Sunday, May 07, 2006

New [Beyond] Publishing

What’s "'"' what's really new, unprecedented: Collaborative, multi-person, self-initiated, self-controlled multi-media publishing…
NOT only receiving; NOT only single publisher, single receiver....

FOLLOWING ARE EXCERPTS FROM: Sites Let Amateurs Be Published Authors Without the Book Deal By Leslie Walker, Thursday, May 4, 2006; 10:55 AM; © 2006 Washingtonpost.Newsweek Interactive

["Blurb", "Lulu", et al. are Web-based on-demand book publishing services.]

“’The book industry is next in line to be 'indied' after music and movies,’ declared Blurb founder Eileen Gittins, referring to material that ordinary people produce independent of large media companies. ‘In the past three years there has been a huge shift from people being downloaders and consumers, to being uploaders and producers.’”

…“Lulu is an on-demand publishing service that prints and ships each book as it is ordered, then offers online tools for authors to sell and market their books over the Web. With no upfront fees, Lulu ( ) takes a commission only when each book is sold.”

…“Blurb and Lulu say they are unleashing people's pent-up desire to publish books that otherwise might have never existed, much the same way that Web logs triggered a new wave of self-expression.”

“More than 91,000 professionally bound books were published through Lulu in January alone, nearly three times the 35,500 paper tomes the site produced last August. Sales are running at about $1 million a month but growing at an extraordinary clip of 10 percent monthly, said founder Bob Young.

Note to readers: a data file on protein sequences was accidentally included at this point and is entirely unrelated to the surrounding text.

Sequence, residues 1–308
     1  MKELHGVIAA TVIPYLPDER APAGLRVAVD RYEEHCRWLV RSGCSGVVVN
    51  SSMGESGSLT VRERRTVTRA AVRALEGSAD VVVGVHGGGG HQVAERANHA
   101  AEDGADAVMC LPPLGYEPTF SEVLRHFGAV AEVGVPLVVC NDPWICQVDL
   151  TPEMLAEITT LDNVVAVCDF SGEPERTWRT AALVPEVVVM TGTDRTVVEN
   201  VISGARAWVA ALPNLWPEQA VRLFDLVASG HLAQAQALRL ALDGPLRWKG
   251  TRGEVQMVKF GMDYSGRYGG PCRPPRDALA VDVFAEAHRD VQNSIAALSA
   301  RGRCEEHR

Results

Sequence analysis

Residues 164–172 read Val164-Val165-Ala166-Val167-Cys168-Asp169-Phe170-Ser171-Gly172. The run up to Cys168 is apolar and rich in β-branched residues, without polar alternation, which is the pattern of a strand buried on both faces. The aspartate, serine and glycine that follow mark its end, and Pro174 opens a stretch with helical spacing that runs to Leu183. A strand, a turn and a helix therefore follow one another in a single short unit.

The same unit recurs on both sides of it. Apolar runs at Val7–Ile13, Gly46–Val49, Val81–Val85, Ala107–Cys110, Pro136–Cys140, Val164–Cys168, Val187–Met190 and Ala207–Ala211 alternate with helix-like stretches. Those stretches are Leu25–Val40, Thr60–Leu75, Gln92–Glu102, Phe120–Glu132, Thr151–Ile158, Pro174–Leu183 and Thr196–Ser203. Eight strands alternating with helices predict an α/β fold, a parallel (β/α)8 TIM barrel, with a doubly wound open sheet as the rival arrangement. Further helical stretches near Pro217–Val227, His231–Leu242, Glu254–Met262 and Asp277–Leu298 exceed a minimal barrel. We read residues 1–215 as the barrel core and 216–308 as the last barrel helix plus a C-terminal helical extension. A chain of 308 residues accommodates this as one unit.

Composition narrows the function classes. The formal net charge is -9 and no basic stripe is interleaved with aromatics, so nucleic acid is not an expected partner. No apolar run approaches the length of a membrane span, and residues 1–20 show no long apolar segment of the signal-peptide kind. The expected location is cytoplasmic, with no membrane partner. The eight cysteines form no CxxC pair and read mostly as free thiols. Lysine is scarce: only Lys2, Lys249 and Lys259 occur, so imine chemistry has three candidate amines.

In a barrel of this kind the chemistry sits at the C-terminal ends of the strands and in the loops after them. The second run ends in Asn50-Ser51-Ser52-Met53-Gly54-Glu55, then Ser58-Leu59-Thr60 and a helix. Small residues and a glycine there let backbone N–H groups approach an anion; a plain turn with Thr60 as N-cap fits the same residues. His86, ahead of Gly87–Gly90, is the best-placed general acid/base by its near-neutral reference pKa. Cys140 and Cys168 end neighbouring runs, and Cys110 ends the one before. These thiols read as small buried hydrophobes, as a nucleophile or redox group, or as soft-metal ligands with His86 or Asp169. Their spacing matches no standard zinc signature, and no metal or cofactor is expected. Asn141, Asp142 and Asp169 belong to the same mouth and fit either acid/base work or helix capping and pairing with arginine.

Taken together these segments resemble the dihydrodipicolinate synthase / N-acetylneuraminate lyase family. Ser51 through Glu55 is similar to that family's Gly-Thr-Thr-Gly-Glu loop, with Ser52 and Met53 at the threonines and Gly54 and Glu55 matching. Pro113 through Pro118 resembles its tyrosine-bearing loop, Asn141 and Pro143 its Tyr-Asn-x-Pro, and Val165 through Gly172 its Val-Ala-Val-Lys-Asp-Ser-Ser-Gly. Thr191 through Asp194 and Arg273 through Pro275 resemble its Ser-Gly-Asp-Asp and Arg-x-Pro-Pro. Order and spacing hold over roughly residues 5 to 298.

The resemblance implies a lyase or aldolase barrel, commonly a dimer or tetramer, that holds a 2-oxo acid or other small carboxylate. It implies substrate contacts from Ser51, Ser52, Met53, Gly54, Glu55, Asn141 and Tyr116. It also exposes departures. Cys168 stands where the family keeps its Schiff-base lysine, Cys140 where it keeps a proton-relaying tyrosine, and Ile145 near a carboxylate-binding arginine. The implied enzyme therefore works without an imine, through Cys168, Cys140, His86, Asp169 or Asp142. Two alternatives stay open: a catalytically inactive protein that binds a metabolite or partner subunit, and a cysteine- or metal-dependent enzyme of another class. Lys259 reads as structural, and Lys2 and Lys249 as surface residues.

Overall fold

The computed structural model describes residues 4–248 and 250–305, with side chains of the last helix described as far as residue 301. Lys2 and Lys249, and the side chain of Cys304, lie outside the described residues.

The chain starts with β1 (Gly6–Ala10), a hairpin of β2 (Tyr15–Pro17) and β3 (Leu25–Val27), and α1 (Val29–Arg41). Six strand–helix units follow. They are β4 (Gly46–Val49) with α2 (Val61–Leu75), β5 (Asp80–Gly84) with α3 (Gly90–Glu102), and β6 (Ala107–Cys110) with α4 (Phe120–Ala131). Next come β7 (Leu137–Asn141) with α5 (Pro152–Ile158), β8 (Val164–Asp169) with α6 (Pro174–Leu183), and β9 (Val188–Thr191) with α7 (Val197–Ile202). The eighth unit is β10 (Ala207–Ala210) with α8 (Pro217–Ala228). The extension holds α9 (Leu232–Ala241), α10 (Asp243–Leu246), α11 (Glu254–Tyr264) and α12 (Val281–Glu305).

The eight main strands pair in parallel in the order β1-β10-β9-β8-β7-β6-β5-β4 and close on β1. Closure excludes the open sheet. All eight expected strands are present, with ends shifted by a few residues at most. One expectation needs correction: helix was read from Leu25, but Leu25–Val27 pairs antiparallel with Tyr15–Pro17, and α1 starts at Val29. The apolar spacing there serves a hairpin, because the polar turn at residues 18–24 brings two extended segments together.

“Both Lulu and Blurb take advantage of the economics of modern digital printers, which mimic copiers and laser printers rather than the costlier offset printing presses that require minimum print runs of thousands of copies. While today's book publishing industry is set up mostly to print books in volume, Lulu and Blurb are all about publishing one at a time.
“Each transmits the author's final manuscript over the Internet to a professional printing firm, where it is printed, bound and shipped directly to the purchaser or author. No humans massage manuscripts en route. Nor are warehouses and bookstores involved, as in traditional publishing.

“Pricing and mechanics differ at Lulu and Blurb, though the basic process is similar. At Lulu, authors upload their material as preformatted, printer-ready files and then tweak them online. Blurb offers offline formatting by providing special software that authors download and use to lay out text and images.

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